But Perkins pitched well enough that spring to make the club out of camp, and ended up re-writing his history with the Twins the last two seasons.
Perkins went from being labeled as somewhat of a malcontent -- he filed a grievance with the club over service time in '09 -- to becoming one of the best left-handed relievers in baseball and one of the team's leaders in the clubhouse.
So Perkins, who is entering this season as Minnesota's closer after posting a combined 2.52 ERA with 143 strikeouts in 132 innings over the last two seasons, is happier living in the moment than looking back at what he went through to get to this point.
"I don't like to think about those times because it wasn't very fun," said Perkins, who saved 16 games last season. "Two years ago in Spring Training wasn't very fun. It was stressful and all those things and you have a family to take care of."
Perkins said he'd get questions from his wife, Alicia, about signing a long-term contract to stay with his hometown Twins -- he grew up in nearby Stillwater -- but he had to explain to her that he wasn't exactly deserving of one with a career 4.81 ERA entering the 2011 season.
"You saw [Scott] Baker and [Nick] Blackburn sign these deals and she's saying, 'Why don't you sign one?' and I had to tell her I wasn't very good," Perkins said with a laugh. "You gotta be good before you sign one."
But now Perkins has the security of a long-term contract -- worth a guaranteed $10.3 million through the '15 season with an option for '16 -- he signed before last season. The deal also has incentives based on games finished that can make the deal even more valuable for him now that he's established himself as closer.
"Now I can just focus on my job and make sure I do right by the Twins," Perkins said. "They trusted me with a lot of money and an important role on the team. It's more important for me to live up to their expectations for me than to worry about where I was two years ago. Things happen fast and your focus changes and so far it's been for the better."
Twins catcher Joe Mauer couldn't be happier for Perkins, whom he has known since high school because they grew up only about 20 minutes apart.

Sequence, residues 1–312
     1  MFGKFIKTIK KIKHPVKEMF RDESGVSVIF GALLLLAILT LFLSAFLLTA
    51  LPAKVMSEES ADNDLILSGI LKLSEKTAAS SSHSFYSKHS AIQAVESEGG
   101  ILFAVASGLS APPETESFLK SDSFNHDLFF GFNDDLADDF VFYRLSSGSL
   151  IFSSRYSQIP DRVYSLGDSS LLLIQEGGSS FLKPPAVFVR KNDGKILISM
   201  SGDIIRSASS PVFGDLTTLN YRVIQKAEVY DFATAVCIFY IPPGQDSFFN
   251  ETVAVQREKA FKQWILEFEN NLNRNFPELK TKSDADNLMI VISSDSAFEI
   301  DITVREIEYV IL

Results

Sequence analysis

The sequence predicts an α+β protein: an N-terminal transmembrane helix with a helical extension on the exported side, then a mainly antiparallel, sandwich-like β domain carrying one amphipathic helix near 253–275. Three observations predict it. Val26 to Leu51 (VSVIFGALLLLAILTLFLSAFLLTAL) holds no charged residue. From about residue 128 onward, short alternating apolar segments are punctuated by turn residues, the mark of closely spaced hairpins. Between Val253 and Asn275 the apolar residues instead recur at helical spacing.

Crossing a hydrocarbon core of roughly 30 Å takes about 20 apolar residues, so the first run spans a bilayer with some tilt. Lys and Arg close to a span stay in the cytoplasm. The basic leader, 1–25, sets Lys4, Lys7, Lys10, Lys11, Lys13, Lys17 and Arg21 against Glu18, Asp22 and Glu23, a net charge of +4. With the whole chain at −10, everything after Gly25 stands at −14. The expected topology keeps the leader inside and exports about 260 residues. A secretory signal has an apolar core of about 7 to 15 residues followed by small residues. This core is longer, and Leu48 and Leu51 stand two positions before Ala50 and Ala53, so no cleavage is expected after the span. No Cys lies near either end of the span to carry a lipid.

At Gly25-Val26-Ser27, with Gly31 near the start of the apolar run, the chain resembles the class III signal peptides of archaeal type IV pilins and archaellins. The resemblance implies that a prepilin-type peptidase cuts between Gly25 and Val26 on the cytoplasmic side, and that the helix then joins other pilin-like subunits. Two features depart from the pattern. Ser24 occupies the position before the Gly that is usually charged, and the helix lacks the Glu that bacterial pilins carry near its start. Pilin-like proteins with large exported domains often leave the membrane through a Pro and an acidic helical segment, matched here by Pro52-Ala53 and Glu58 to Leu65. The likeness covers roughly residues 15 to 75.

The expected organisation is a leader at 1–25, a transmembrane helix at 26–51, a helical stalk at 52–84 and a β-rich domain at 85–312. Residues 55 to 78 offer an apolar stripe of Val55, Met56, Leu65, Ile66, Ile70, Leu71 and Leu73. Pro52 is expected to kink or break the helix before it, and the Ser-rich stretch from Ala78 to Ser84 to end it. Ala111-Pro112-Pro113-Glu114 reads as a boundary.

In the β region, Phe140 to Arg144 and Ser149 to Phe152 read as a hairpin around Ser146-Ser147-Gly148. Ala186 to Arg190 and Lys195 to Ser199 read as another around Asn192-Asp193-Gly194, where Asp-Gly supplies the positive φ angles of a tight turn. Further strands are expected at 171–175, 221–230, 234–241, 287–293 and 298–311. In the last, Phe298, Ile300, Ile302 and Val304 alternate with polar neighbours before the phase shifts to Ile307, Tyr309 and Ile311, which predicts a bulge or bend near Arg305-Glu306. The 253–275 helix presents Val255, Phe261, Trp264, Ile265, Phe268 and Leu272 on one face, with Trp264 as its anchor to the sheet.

"He's found his niche," Mauer said. "It's really nice to see. He's got the right mentality for a closer. He's a guy who has great stuff, for one. But he also has the ability where, if he gives up a couple runs, the next day he'll quickly forget that. That's what good closers do."
Perkins and Mauer have both made good as two local boys playing for their hometown team and now will have the chance to represent their country together for the first time, as they're set to leave Sunday for Arizona to join Team USA for the upcoming World Baseball Classic.
Perkins said he's excited for the opportunity and has been developing his slider earlier than usual to get ready to pitch in the playoff-type atmosphere in big league ballparks for Team USA. And he also noted how special it is for him and Mauer to be native Minnesotans playing for their country.
"I can't imagine that's going to happen again," Perkins said. "We've know each other forever because we were the same class and the same age. It's not too often guys even from north of the Mason-Dixon line that play in something like that. So it's pretty neat."
Perkins also could get a chance to face his teammate Justin Morneau, as Morneau is slated to play for Team Canada for the third time. But Perkins and Mauer are being secretive about what they'll throw Morneau if they have a chance to face him in Pool D play at Arizona's Chase Field on March 10.
Morneau, though, joked that he's fine not knowing what will be coming from Perkins if he comes up to face him.
"I just said if he's in the game, that means we're either up or it's close," Morneau said. "He'll be in to face all nine left-handed hitters we run up there."
So while Perkins could be gone from Twins camp for a few weeks depending on how Team USA fares, Twins manager Ron Gardenhire isn't concerned about his closer, who has been one of a few bright spots for club despite Minnesota's struggles the last two seasons.
"He's another guy I'm not really too worried about," Gardenhire said. "I believe he's going to take the ball and let 'er fly. He's found his niche and he's happy with it and I think he's content in the way he goes about it. He's pretty confident. I think he's a guy who just works himself right into it. He's fun to watch and it's fun to give him the ball."